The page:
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Illustrated Guide to Christchurch and Neighbourhood

Canterbury Caledonian Society

Canterbury Caledonian Society.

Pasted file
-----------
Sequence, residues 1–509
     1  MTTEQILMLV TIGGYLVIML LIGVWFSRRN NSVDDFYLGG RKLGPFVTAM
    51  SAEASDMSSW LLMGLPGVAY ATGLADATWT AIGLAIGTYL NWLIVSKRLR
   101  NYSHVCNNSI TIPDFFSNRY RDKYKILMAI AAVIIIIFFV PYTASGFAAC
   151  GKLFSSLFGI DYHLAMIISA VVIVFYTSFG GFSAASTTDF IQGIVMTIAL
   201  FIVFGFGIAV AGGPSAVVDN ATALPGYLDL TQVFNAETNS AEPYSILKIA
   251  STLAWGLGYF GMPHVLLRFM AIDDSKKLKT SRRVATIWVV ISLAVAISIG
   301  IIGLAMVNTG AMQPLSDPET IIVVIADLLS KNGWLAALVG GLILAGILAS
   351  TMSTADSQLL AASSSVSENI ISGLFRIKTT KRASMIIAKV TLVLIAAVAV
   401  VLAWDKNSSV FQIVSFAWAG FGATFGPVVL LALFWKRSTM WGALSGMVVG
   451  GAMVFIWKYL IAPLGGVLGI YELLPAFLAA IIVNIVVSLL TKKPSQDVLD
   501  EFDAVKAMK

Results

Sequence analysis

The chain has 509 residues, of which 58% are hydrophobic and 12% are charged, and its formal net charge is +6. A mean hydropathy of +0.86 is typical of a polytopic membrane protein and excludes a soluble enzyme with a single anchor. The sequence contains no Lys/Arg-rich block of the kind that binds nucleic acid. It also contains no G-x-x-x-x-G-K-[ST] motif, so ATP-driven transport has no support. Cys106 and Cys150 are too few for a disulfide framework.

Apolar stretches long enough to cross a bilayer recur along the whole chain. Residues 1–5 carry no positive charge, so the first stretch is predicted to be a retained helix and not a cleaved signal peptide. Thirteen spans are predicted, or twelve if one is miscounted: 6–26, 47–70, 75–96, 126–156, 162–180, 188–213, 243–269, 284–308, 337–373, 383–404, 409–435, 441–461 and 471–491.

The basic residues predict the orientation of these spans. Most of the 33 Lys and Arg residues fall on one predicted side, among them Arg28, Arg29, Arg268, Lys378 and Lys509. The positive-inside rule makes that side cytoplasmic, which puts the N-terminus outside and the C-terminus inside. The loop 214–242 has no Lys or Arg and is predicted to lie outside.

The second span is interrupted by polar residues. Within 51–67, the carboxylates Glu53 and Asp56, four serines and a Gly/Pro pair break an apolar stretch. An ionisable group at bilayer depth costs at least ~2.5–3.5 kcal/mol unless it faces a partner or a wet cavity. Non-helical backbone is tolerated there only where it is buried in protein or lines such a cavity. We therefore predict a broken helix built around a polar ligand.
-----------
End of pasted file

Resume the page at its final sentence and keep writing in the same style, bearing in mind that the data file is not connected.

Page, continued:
The Canterbury Caledonian Society was established in 1882. Its objects are to give advice and assistance to new arrivals from Scotland, to contribute to charitable institutions, for the establishment of evening classes, and for the cultivation of Scottish literature, customs, and accomplishments. The Society is also prepared to give medals for bravery in saving life in New Zealand. The nucleus of a good library has been formed, and a comfortable room where members can meet will shortly be procured. Annual sports and concerts, at which Scottish music is given, are held. The last concert will long be remembered by the Christchurch public. On that occasion the Theatre Royal was filled to overflowing, the chief attraction being the presentation by the vice-President, James Campbell, of the Society's silver St. Andrew's Cross, inscribed “For Valor,” to George Austin, for bravery in saving the life of a child in the Heathcote River, on March 13th, 1884. The management is in the hands of an influential committee, Mr Peter Cunningham being president. The secretary is Mr. Neil Black, and the offices are in Cathedral Square, Christchurch.